The One Story No One Will Talk About

616810 The silence is deafening.

No one at the White House or the State Department will say anything on-the-record and of substance about Italy's indictment and plan to put on trial 26 Americans, all but one of them said to be CIA agents.

They are charged in the alleged kidnapping of an Egyptian cleric four years ago. It was believed to be part of the CIA program of "rendition," in which suspected terrorists are secretly and without judicial warrant spirited out of one country and taken to another for interrogation. A lawyer for the cleric said he was held in Egypt for four years and tortured.

You might think the U.S. Government would want deny or condemn the charges against the Americans. But we've heard not a word of that.

At the White House today, I asked spokesman Tony Snow if there's anything substantive he can say about the indictments in Italy.

"Not that I can share at this point," he said matter-of-factly.

He admitted he would not address the issue.

"To be honest with you, I'm tap-dancing, Mark." He referred me to the State Department.

On the day of the indictments last Friday, State Department spokesman Tom Casey admitted he didn't have much to say on the matter. He referred reporters to the Justice Department which isn't talking either.

Italy's Government must now decide whether to ask the U.S. to extradite those charged in the alleged kidnapping. And it appears, the Justice Ministry there isn't anxious to pursue this case.

Justice Minister Clement Mastella is quoted as saying he may not seek extradition of the Americans in order to safeguard Italy's friendship with the U.S.

The practice of "rendition" has stirred up a hornets nest of resentment among some officials in Europe. In fact, a report from the European Union has condemned the practice and accused some governments in Europe, including Italy, of secretly cooperating with the U.S. practice or turning a blind eye to it.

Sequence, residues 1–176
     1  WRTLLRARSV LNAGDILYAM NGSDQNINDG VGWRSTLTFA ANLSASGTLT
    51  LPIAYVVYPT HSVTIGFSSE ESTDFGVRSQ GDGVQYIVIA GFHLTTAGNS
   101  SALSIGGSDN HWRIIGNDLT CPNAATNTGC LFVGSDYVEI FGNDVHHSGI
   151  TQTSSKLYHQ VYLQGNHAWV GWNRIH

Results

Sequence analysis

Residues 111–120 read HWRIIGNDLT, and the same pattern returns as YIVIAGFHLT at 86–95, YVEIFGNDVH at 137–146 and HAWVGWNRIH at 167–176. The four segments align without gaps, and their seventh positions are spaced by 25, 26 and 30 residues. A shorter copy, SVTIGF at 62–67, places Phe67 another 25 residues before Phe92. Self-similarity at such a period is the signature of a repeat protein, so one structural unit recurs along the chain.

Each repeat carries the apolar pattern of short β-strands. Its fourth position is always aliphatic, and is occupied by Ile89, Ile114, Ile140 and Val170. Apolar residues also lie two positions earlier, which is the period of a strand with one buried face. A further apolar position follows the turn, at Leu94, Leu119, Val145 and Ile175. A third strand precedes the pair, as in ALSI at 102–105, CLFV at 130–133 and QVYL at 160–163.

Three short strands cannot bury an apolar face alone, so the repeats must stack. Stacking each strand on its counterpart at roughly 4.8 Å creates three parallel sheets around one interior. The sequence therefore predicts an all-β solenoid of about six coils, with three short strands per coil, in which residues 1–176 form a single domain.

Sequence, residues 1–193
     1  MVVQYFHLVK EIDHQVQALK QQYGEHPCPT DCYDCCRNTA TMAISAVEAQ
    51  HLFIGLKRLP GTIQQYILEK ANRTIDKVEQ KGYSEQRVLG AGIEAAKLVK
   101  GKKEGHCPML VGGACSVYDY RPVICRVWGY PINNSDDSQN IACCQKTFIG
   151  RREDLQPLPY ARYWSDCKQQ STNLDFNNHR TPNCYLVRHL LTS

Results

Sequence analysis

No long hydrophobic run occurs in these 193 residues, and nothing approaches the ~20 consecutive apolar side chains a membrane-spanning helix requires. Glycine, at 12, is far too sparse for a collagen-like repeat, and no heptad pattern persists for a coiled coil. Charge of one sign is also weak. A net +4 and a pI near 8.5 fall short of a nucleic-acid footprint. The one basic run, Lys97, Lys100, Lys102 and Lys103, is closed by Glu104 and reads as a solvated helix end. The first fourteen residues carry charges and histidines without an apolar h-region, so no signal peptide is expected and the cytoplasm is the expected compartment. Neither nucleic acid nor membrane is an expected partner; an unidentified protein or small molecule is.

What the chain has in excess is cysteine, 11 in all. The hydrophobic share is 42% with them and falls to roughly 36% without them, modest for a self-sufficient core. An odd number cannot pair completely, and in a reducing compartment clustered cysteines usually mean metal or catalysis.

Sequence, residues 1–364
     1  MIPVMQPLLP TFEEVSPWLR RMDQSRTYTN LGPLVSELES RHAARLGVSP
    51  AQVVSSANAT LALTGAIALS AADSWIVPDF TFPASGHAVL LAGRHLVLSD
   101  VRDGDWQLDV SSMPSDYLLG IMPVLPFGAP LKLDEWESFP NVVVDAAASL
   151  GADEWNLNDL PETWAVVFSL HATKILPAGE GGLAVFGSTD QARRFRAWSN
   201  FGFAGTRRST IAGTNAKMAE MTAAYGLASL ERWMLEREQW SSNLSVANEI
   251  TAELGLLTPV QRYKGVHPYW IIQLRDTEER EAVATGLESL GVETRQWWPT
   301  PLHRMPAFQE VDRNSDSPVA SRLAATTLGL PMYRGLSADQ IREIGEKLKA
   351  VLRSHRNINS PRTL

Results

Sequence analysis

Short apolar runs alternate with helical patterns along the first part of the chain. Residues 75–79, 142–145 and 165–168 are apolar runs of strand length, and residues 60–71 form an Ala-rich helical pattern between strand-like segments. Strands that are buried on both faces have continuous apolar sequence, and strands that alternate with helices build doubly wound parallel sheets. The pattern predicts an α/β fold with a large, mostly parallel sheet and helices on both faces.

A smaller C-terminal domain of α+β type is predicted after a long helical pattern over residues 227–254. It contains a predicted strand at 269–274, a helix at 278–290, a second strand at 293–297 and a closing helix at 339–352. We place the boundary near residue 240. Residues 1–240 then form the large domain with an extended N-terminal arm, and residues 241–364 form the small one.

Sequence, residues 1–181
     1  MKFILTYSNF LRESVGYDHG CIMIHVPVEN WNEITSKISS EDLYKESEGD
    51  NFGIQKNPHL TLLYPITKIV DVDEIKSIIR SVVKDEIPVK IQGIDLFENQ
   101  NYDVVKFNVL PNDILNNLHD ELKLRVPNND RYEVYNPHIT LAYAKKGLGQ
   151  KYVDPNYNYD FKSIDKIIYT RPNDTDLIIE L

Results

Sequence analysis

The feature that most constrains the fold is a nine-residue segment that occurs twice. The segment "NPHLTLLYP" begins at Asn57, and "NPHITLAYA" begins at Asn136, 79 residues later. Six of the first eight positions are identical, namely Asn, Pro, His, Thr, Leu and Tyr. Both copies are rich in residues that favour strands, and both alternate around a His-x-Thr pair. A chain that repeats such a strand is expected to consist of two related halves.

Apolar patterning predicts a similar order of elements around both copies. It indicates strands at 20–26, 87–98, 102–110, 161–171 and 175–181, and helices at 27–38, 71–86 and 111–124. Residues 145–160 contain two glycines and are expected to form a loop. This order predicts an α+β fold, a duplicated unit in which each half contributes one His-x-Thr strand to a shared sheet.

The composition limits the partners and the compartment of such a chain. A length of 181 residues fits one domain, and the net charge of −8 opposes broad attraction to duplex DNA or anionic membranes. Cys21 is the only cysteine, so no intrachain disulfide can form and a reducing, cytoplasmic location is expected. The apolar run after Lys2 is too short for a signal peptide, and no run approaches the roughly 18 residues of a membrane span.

Back in April of '05, I raised the issue of "rendition" at a news conference with President Bush.

"We operate within the law and we send people to countries where they say they're not going to torture the people," he said.

But he also seemed to be defending the practice of grabbing suspected terrorists for interrogation.

"But you bet, when we find somebody who might do harm to the American people, we will detain them and ask others from their country of origin to detain them. It makes sense. The American people expect us to do that. We (are) still at war."

He portrayed "rendition" as a method of self-defense.

"...I just can't let the American people -- I'm not going to let them down by assuming that the enemy is not going to hit us again," he said. "We're going to do everything we can to protect us. And we've got guidelines. We've got law. But you bet, Mark, we're going to find people before they harm us."

That's the most anyone in the U.S. Government has said about the matter.

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    Mark Knoller is a CBS News White House correspondent.